Image for 25 years of rage: "We just want to show clips that are really entertaining"

25 years of rage: "We justwant to show clips that arereally entertaining"

As rage celebrates 25 years of being on the air, Carriageworks, the ABC and the Vivid Sydney Festival team have collaborated to bring Sydneysiders a unique audio-visual experience to celebrate this momentous milestone, cementing the program as the longest-running music video program of all time. FL spoke with Tyson Koh, rage’s producer and programmer, about the legacy and the impact that rage has held in its time on Australian television.

Does rage have a mission statement or a goal to work towards each week?
It’s hard to say. We don’t have a mission statement as such, but we do try and cover a lot of bases because we’ve got such a huge viewership. We want to keep everyone happy: we’ve got stuff that’s on the charts, we’ve got metal clips, we’ve got dance bands, indie bands. We just want to show clips that are really entertaining, that visually engaging, that are clever or funny. Ultimately, it’s to entertain and expose viewers to new and exciting music.

How many videos does rage get sent each week?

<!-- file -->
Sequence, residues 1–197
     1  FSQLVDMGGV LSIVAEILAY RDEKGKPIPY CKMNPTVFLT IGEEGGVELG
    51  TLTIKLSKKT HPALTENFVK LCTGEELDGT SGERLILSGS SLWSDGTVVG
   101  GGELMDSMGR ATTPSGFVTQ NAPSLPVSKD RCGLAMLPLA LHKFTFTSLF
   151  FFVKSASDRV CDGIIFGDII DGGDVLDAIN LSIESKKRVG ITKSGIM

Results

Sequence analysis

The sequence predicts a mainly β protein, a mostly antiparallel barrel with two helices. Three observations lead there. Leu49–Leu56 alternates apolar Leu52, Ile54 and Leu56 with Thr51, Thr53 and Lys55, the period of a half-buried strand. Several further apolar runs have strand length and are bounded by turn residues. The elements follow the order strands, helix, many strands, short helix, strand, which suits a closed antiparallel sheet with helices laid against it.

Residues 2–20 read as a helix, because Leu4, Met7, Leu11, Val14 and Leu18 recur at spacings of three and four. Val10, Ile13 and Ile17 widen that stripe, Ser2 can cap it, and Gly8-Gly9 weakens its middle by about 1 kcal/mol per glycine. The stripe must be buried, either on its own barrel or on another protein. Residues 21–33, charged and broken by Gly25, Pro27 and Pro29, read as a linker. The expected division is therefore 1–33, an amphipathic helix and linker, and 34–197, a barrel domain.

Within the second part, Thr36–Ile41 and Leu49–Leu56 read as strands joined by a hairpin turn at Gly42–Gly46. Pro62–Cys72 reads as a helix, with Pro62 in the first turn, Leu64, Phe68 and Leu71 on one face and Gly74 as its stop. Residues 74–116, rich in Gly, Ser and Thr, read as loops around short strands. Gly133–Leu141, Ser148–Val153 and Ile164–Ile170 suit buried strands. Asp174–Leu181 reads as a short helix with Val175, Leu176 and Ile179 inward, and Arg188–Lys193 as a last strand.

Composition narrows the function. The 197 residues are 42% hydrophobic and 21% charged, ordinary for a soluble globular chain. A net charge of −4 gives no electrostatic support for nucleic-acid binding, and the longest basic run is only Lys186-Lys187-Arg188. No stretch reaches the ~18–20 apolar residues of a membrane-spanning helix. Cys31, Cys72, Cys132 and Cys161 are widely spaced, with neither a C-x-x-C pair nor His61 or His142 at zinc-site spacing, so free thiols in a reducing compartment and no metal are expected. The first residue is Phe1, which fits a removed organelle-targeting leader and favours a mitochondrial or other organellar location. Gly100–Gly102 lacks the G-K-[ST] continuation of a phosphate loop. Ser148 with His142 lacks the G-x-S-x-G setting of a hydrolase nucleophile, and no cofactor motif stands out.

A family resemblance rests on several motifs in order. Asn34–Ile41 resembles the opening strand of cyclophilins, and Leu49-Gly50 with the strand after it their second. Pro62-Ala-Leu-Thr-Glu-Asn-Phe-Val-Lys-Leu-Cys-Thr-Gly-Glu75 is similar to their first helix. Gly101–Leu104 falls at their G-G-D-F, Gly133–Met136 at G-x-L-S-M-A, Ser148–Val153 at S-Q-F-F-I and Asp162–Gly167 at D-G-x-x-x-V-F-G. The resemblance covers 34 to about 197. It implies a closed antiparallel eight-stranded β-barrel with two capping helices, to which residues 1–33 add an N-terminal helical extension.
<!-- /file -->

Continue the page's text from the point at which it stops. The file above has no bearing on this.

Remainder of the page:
It’s really hard to tell, it changes from week to week. We like to give clips that we’re really passionate about more of a run, but there’s always new stuff that we have to juggle and try to fit into the show. Each week, we get sent anywhere between thirty and sixty clips. They come from major labels as well as independent sources. It’s difficult to fit all of it in. We have to work as curators, in a way, in order to play the clips we really love for a few weeks as well as all the new things that we get sent in. It’s quite a difficult task, really.

How much thought process goes into the order of the videos played, both visually and musically?
Quite a lot. We tend to have the videos that came in that week that we really love pushed towards the start of the show, but then we tend to really consider the flow of the show: who’s watching at the various times, and how things are flowing visually and musically. I really come at it from a music programmer’s perspective, because that’s what I was working on professionally before I actually got to rage. Having almost that DJ mentality is what I bring personally to the show. Some people might be watching for up to nine hours straight, so it’s a huge consideration for us.

If a terrible song has a great video – and vice versa – will it still get played on rage?